Great work cut n pasting the WHO info page: not only does it show the 10 day incubation period of the last naturally occurring case of smallpox, but nothing in there is in contradiction to my posts .... confirming I’m correct.

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As for:


“Smallpox is just one thing,“ I don’t know what you mean by “just one thing” (especially when you are trying to put words in my mouth / create a “straw man”) - so it’s hard to answer.

If you mean “one vaccine target not mutating over many centuries“ - yes.

“we have a 'cure'” : I never said we have a cure, yet another attempt to put words in my mouth.

As for “treatment” rather than “cure” Work on Cidofovir and its analogue brinCidofovir started, though they never got FDA approval.

Tecovirimat: FDA approved.


“and its gone forever (apart from 2 declared labs (and maybe one alleged other lab at most))“


Never said that either. Official stocks are held in 2 labs (hey! You haven’t named the 3rd lab you said held stocks, and now your position has changed to “(and maybe one alleged other lab at most))“ - strange that!


A single case of smallpox anywhere in the world would be a global health  There might be stocks not found / not destroyed (though I’d hope not!)

There might be “rogue actors”

There might be “rogue nations”

exhumed victims are a concern.

None if that is in contradiction to what I’ve posted .....


”Even if it isn't gone forever, we have the cure for the one virus which doesn't change/mutate”

more trying to get me to say that which I haven’t said. We have treatments, we have vaccine.

There are experts to rapidly identify any case, and (no doubt!) plans to isolate cases and contacts and ring-fence vaccinate. Some people can’t be vaccinated. There isn’t (currently!) enough vaccine to vaccinate the whole world. There are treatments.

That is what I’m happy to say, but never have I claimed “there is a cure”


If smallpox re-emerges, if it isn’t contained rapidly I’d expect a massive death toll, followed by a renewed eradication program, then a period of post-eradication surveillance.....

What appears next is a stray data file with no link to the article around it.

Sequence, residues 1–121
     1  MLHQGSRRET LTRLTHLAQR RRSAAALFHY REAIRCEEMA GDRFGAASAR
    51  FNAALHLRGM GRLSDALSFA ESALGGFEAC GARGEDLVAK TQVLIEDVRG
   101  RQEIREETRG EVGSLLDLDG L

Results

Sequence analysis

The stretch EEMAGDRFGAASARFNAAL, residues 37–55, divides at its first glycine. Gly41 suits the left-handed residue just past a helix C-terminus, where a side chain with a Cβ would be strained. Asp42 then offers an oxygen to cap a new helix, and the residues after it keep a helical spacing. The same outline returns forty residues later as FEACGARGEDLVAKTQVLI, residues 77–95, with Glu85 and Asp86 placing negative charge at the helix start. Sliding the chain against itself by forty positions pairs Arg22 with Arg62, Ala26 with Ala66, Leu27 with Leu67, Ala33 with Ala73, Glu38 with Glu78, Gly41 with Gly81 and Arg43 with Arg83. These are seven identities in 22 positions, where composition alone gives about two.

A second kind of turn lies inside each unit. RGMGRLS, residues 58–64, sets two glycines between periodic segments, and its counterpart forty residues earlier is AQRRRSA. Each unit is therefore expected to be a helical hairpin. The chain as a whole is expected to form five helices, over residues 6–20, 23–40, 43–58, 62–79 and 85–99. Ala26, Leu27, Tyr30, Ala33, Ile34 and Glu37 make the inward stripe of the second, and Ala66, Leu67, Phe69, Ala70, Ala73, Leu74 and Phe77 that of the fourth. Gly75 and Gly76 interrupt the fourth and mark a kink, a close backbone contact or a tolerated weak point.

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3 hours ago, tobyjugg2 said:


Cutting through


please confirm your stance is:



People haven't got Coronavirus if they are clear of symptoms for 6 days?



Again, you seem resistant to explanation, and unclear in what you are asking.


”Coronavirus” you ask. Any Coronavirus? Just 2019-nCoV ??


”haven’t got ..... if they are clear of symptoms for 6 days”?


You might mean “if they have had 2019n-CoV and have been clear of symptoms : are they still infectious” : your question isn’t clear.


If your question actually is “if they were exposed to 2019n-CoV and have been clear of any symptoms by (say, 12 days)

AND they haven’t had a subsequent exposure AND they give an accurate exposure history : will they NOT develop 2019n-CoV” my position is definately. This is “incubation period”, not “case finding definition period”..... see below


Do they then use 14 days for case finding / testing: (Case finding relies on symptoms sufficient to require testing and detection) Definately.

10 days for time to symptoms bad enough to come to attention for testing, and detectable levels. Further 4 days for “wiggle room / patients don’t report accurately”